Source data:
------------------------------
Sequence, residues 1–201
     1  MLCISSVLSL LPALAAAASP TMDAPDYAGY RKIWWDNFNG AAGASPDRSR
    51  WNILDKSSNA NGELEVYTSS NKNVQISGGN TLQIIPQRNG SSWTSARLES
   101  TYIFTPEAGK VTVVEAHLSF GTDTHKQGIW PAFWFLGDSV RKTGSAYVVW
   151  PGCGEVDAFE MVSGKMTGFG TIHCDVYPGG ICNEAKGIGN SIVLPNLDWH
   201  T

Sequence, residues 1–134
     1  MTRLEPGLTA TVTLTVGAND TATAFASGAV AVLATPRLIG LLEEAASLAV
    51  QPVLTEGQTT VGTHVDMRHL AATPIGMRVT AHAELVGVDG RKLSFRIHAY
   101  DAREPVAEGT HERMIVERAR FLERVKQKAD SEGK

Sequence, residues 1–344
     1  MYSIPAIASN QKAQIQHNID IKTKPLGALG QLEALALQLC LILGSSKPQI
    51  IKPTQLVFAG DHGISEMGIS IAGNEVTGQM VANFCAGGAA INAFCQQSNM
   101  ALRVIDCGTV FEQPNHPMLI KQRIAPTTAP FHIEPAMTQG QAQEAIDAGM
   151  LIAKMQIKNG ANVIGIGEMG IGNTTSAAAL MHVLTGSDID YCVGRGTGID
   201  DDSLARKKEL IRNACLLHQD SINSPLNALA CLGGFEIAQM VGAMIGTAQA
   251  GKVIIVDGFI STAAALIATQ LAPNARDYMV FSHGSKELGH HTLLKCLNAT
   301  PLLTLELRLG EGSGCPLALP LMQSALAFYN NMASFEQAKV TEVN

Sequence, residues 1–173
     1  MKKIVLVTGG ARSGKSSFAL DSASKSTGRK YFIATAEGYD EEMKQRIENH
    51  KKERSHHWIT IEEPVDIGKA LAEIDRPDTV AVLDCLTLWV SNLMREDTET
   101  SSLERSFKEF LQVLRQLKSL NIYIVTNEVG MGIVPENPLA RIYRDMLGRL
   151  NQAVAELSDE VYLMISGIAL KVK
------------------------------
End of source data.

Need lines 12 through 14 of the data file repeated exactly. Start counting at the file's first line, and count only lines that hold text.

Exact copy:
     1  MYSIPAIASN QKAQIQHNID IKTKPLGALG QLEALALQLC LILGSSKPQI
    51  IKPTQLVFAG DHGISEMGIS IAGNEVTGQM VANFCAGGAA INAFCQQSNM
   101  ALRVIDCGTV FEQPNHPMLI KQRIAPTTAP FHIEPAMTQG QAQEAIDAGM